During this period, Verdi was very busy working on a succession of operas, sometimes for sixteen hour a days, suffering from bronchitis, soar throats and stomach problems. His next opera was I Due Foscari based on Lord Byron's play, The Two Foscaris. Later he was to lose faith in it. Writing to his librettist Piave in 1848 he complained:
VERDI: In subjects that are inherently sad, as with I Due Foscari, you end up on the mortuary.
NARRATOR: Muzio wrote of his re-rehearsing I Lombardi.
MUZIO: I am sorry to see him wear himself out. He shouts desperately. He stamps his feet. He sweats so much that drops of perspirartion fall on his score.
NARRATOR:
Macbeth: the sleepwalking scene
He went on to compose Joan of Arc for La Scala, where he had a row with Merelli; Alzira based on a play by Voltaire for the San Carlo Theatre in Naples; Attila after a drama by Zacharias Werner for the Fenice Theatre in Venice: and an adaptation of Shakespeare's Macbeth for the Pergola Theatre in Florence, where Verdi took thirty curtain calls.

(INTRODUCE AND PLAY UNDER THE SLEEPWALKING SCENE FROM MACBETH)

His friend, the poet, Guiseppe Giusti wrote to him:
GIUSTI:
Guiseppe Giusti
Guiseppe Giusti
The more your work is performed the more it will be understood and enjoyed. Do not lose the chance to express with your music the sweet sadness that resounds most in our souls. The sorrow that now fills the hearts of Italians is the sorrow of a people in need of a better future.

My Verdi accompany this noble and lofty sorrow with your noble harmonies: nourish it, fortify it, direct it to its goal.

(BRING UP MACBETH AND PLAY OUT)
NARRATOR: At this time Verdi was described by the French publisher Monsieur Marie Escudier.
ESCUDIER:
Guiseppe Verdi
Guiseppe Verdi
I had been given a a wholly misleading idea of his character, which was said to be that of a cold uncommunicative man, who was always absorbed in his art. Verdi welcomed me affably and he showed a completely French graciousness. He demonstrated considerable knowledge of French music.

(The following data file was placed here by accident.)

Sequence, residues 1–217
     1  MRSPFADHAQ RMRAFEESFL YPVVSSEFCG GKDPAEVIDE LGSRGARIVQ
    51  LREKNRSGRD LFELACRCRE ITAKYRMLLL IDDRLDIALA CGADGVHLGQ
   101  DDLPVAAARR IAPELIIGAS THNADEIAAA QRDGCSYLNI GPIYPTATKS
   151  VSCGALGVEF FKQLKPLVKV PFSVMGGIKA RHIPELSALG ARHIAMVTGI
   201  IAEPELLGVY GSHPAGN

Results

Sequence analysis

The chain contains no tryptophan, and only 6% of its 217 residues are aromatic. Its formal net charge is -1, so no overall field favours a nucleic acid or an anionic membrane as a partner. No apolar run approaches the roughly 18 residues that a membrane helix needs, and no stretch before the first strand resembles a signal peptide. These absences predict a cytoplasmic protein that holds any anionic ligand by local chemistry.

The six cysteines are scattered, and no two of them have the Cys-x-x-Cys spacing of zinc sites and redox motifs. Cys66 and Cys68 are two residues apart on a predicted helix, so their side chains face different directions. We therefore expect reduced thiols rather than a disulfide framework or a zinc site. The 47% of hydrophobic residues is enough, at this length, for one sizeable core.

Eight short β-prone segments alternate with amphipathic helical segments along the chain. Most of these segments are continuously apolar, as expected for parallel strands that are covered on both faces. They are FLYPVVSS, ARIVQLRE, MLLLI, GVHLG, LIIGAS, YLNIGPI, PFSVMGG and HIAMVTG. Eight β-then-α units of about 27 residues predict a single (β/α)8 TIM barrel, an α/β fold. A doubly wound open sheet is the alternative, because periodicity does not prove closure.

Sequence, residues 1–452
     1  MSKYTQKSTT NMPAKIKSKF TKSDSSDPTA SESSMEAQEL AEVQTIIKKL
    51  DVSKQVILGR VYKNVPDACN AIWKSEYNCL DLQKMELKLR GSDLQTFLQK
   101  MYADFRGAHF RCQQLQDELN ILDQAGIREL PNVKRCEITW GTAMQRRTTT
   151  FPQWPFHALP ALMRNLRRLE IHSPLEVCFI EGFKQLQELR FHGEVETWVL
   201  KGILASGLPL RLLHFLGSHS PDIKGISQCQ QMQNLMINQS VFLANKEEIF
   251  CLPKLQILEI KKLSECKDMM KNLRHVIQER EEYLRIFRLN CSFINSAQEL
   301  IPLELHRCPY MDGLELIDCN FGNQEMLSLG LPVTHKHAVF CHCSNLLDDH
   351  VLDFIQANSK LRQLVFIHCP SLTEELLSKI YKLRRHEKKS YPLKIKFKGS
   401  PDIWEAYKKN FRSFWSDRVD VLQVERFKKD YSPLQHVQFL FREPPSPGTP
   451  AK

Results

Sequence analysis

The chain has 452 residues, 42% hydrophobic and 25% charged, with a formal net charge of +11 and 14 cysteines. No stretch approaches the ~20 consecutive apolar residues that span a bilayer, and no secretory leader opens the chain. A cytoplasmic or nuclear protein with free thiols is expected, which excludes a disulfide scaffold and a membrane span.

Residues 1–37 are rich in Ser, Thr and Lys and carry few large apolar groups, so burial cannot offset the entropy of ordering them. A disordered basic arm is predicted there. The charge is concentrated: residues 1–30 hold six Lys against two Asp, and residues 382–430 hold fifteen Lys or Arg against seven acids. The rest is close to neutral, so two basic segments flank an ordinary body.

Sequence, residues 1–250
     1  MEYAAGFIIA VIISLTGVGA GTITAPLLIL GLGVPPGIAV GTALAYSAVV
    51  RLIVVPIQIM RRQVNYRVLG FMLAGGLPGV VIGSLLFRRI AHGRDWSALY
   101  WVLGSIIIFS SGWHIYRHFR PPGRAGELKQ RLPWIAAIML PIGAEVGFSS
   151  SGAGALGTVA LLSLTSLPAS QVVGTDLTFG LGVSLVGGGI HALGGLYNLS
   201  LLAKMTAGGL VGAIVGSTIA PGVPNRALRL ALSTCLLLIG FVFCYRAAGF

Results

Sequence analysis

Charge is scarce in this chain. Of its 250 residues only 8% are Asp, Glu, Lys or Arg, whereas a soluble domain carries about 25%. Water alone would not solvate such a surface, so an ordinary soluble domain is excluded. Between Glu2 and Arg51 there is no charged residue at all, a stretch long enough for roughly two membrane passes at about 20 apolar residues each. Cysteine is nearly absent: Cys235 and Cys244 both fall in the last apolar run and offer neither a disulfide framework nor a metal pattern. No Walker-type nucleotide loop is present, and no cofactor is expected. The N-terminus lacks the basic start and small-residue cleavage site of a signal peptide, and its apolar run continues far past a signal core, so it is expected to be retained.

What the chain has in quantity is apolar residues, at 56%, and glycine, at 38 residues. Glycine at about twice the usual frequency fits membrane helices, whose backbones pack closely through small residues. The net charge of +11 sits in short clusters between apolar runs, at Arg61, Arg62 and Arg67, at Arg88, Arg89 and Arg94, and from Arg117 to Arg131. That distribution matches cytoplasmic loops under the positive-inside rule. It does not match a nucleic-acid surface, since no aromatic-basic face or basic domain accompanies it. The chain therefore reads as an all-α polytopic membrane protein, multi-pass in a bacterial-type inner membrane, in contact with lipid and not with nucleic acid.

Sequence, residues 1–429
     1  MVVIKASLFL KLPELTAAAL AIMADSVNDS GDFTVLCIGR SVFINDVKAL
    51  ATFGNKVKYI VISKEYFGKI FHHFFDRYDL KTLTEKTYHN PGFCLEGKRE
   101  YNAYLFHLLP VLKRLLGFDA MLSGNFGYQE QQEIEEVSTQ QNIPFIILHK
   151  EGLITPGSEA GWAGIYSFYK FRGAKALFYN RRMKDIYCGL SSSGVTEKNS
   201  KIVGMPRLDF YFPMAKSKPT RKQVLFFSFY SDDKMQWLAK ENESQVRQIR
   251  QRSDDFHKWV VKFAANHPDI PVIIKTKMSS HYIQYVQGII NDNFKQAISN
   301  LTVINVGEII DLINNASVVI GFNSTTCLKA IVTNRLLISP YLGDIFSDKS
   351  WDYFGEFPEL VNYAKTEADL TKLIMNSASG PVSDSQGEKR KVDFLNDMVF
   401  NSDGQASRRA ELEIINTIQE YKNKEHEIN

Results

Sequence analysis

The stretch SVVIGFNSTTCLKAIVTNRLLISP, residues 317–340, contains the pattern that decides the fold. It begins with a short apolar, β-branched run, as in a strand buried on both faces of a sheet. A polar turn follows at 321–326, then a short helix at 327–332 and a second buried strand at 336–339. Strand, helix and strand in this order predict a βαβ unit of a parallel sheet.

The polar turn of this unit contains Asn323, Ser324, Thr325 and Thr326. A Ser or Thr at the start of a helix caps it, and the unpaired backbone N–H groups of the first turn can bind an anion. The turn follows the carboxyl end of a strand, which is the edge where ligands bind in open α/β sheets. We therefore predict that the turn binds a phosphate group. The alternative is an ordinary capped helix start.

He is a handsome young man, about 29 years old. He has brown hair, blue eyes, and an expression that is sweet and vivacious at the same time. Everything about him suggests an honest heart and a sensitive soul.
NARRATOR: During the mid 1840's Verdi's stature as a national figure steadily increased. Italians had no other visible, tangible, accessible, forceful lay person to symbolize their growing nationalist fervour. Andrea Maffei wrote a sonnet to "Guiseppe Verdi: the Glory of Italy". It contained the words:
MAFFEI: You bring joys and delights to the soul . . .
You are the heart of Italian music.
You live and reign in every heart.
What do you fear? You are the Apex of Glory.
The words Verdi and Victory ring out together.

(ESTABLISH AND THEN WEAVE UNDER I MASNADIERI)
NARRATOR:

I Masnadieri





VERDI:


NARRATOR:


QUEEN VICTORIA:
Jenny Lind
Jenny Lind
In 1847 Verdi visited London for the premiere of his I Masnadieri, (The Robbers) at Her Majesty's Theatre. Jenny Lind, the 'Swedish nightingale' sang in it and Queen Victoria attended the first night. It was not the most successful of his operas, but as he said: